WINDSOR, ONT. -- Very few businesses have escaped the crippling grasp of COVID-19.

Among those feeling the pinch are Windsor’s Italian Clubs which have been shut down since mid-march.

“We’d normally be gangbusters right now,” says Ciociaro Club president, Mark Rossi, whose club halls are instead sitting empty.

“Right now our business is zero,” says Ron Moro, the general manager of the Giovanni Caboto Club, which from March to the end of July, had to cancel or postpone 391 events.

“It’s millions of dollars for us and that’s not coming back,” he says. “I’m not optimistic about August. I’m not overly optimistic for the rest of the year, for large events.”

The club — founded in 1925 — will begin doing takeout for its famous pizza on June 11, but Moro longs for the day it can open up the bar and restaurant to patrons.

“There’s nothing we can do about it, we’ll live with it. We’re financially strong, so we’re not going anywhere, but we’ll have to live through 2020, that’s all,” says Moro.

It’s much the same over at Foglar Furlan Club — which is launching the new takeout service ‘FOGO to GO’ to bring in some much-needed revenue.

“We’ve done that just to pay the bills, pay the utilities, keep the lights on and just basically run our basic functions that we need to,” says Dino Quattrociocchi, the club’s general manager.

He recently had to cancel a handful of graduations and baptisms and postpone weddings, which make for difficult conversations with brides and grooms-to-be. Quattrociocchi is thankful most patrons have been very understanding and have been willing to reschedule.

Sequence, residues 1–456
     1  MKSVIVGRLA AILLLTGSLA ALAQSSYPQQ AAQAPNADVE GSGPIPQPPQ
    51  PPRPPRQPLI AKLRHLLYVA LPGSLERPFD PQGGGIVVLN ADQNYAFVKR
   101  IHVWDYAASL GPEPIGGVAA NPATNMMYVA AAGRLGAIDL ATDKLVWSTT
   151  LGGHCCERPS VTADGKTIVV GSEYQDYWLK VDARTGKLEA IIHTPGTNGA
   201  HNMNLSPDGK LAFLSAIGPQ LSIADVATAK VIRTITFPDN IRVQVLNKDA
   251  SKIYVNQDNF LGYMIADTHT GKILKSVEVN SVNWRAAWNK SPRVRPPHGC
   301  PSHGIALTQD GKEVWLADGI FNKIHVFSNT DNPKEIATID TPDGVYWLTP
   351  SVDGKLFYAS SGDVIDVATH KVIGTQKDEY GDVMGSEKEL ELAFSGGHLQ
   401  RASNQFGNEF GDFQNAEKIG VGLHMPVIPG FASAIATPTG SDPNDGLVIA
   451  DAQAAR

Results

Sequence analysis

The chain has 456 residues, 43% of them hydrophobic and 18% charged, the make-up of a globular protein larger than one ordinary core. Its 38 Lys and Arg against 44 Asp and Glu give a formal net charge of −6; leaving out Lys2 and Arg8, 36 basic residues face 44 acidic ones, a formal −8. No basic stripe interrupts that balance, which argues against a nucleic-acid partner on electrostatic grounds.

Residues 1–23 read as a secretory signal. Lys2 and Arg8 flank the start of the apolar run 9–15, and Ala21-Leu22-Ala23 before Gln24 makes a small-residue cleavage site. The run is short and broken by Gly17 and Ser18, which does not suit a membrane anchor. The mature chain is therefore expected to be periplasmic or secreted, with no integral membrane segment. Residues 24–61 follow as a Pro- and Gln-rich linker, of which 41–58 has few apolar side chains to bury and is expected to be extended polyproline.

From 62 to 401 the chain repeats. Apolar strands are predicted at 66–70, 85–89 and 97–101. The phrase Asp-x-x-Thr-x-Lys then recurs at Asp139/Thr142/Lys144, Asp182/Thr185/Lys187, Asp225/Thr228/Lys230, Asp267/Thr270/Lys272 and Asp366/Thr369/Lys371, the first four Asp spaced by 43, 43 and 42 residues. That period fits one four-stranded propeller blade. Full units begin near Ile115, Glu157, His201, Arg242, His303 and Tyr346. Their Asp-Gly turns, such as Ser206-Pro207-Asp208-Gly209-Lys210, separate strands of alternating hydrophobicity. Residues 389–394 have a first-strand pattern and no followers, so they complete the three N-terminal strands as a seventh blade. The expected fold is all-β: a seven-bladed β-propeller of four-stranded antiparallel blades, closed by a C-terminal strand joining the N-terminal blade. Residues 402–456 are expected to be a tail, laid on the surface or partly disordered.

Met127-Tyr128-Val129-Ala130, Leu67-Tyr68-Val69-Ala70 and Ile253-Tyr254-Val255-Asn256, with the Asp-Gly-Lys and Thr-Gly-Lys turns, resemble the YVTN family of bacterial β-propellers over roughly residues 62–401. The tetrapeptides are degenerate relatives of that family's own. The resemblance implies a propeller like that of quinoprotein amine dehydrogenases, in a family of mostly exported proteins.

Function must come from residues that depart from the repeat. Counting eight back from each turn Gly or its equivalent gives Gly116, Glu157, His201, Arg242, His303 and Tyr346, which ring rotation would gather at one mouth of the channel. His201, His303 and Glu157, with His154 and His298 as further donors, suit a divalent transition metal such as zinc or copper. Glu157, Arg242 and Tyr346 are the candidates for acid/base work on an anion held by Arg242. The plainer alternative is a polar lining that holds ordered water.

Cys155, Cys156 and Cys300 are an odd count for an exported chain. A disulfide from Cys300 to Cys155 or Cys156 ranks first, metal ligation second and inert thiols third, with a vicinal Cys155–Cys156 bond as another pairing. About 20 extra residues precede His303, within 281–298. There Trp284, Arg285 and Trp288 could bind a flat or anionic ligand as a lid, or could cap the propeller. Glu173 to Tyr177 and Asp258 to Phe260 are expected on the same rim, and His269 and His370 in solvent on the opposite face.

“We’re letting our clients know, the brides and grooms know, letting our corporations that have their annual events here know that our intention is to be here and we’re going to do whatever it takes to do it,” he says.

The Ciociaro Club also launched curbside takeout service today — to help offset a fraction of the lost revenue from 500 events they’ve had to cancel and postpone each month.

“It’s frustrating we don’t have answers to the questions we’re getting,” says Rossi, referring to the lack of information flowing to them from the government about when restrictions will be lifted. “It’s frustrating that we’re not able to give them those answers, but we’re here to help as much as we can. And offer them as much solace as we can during these trying times.”

Rossi tells CTV Windsor its losses are also in the millions, but the club is in a good financial position to weather the storm.

“We’ve learned a lot from this shutdown,” says Rossi. “Things were going really fast and really heavy and it’s given us some time, reflect on what the club, what we’re going to be when we come out of this and much stronger and more viable in the future.”